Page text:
Types of Alpine skis

As with any attempt to categorize anything, we had to draw the line somewhere. Remember that there are exceptions that may fit easily into two categories and others that stubbornly refuse to fit into any. The following list is the most accurate characterization of skis we could come up with:

Racing:    volkl_racetiger_SL

  • narrow at the waist with the stiffest flex in a company’s line; outstanding edging ability at high speed
  • come as either tight-radius Slalom skis or with long-radius Giant Slalom (GS) sidecuts
  • requires the most technique and strength to control; experts only

Gate-bashing at high speeds. If you race, these skis can keep up with you. They are constructed to handle high-speed vibrations, hold turns on the iciest slopes and go really fast. If you’re looking at racing skis then you probably know you need them. Being so skinny and so stiff means that racing skis are best kept on the groomed slopes.

Carving/Groomed trails:  

  • possess the narrowest waists for quickness and superior edgeholding ability – 74mm to 85mm
  • generally the best-suited to ski groomed runs
  • skis are suited to all ability levels
  • these will have a minimal amount of rocker to maintain a snappy feel with good pop out of turns

Skis in this category are designed with performance on groomers in mind. Their narrow waists lend excellent quickness from edge-to-edge, which means that biting onto harder snow takes less effort. More time carving turns means less time skidding out of them. Models are available for all ability levels: A beginner will enjoy a softer-flexing ski that is easy-turning and forgiving to mistakes in technique. The more advanced folks can find skis to match their own style, be it long-radius turns at high speed or short slalom-esque arcs down the fall line. Their narrow figure and stiffer flexes make carving skis bog down and sink in softer snow and powder (which tires you out quickly), but their power on the harder stuff is unmatched.

Mid-Fat / All-Mountain:  bonafide

  • intermediate waist dimensions; more floatation in powder and stability in crud – 90mm to 100+ mm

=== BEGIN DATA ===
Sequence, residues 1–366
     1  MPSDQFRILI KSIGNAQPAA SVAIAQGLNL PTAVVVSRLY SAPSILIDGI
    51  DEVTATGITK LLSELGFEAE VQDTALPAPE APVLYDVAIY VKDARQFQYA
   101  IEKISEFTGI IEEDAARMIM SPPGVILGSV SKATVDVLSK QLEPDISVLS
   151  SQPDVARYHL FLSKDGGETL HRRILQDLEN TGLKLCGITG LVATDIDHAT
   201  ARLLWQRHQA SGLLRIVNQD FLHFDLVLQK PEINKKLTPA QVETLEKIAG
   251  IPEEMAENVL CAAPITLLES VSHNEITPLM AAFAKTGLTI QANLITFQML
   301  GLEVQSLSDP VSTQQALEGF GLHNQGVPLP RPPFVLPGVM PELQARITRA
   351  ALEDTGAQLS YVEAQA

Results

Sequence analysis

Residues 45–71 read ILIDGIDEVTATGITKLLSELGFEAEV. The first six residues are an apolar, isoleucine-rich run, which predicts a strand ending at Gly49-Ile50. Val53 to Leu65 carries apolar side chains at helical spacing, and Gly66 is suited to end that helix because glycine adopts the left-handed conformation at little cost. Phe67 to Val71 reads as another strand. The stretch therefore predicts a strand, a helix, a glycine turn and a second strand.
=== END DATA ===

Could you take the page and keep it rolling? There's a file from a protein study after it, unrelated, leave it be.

• are designed to be skied both on groomers and off, where snow conditions are natural
  • skis are suited to all ability levels
  • these skis will have moderate rocker in the tip and usually tail for easy turning both on the trail and in the powder

These skis have the width to handle the variable snow and powder that is found out of bounds, but can still happily spend the day shredding up groomers. Intermediates looking for new challenges in the glades will appreciate their versatility. Anyone who anticipates seeking thrills beyond the corduroy and the rattling liftline may indeed find their ambrosia here. Of course, these skis don’t have the appetite for powder as fatter skis, nor can they beat hard snow into submission like carving skis, but these are often fine sacrifices to make if you are looking for a one-ski quiver.

Super-Fat / Powder :  

  • the fattest waists around provide buoyancy like you’ve been sucking helium – 110mm to 130+mm
  • supreme float and turning ease in natural snow – it’s almost like cheating
  • These will come with the most rocker of all for steering in the deep
  • We love them, but really it’s mostly the powder we use them in

Everybody is saying it: “Fat is the new thin.” These big-waisted beauties are targeted at those skiers who enjoy spending the majority of their time in ungroomed terrain. Skiing on that strange backcountry hash that mother nature whips up when she’s of a mind can be a difficult, unstable, thigh-burning experience on narrower skis. Fat skis are certainly up to the task, and simply put, your turns will be more easily made and you will fall less. Skis that weigh in at the heavier end of this category (100mm+) are designed to dominate powder (and soft groomers if necessary), so make sure you have a couple other pairs of skis suited to New England’s icier (and uglier) mood swings.

Twin-Tips:volkl kink

  • possess two tips to make it easier to ski backwards and perform certain tricks
  • often are wider in the waist for stability on rails or when landing jumps
  • come as specific park-only models as well as in versatile all-mountain versions
  • More freeride style versions will usually come with some rocker and most park and pipe skis will come with minimal to no rocker

Open up new skiing possibilities. Though they excel in the park and pipe, most twin tips are not limited to that arena only. They will ski well in the trees and through powder because of their softer flex and wider body, but can also cut smooth arcs on groomers.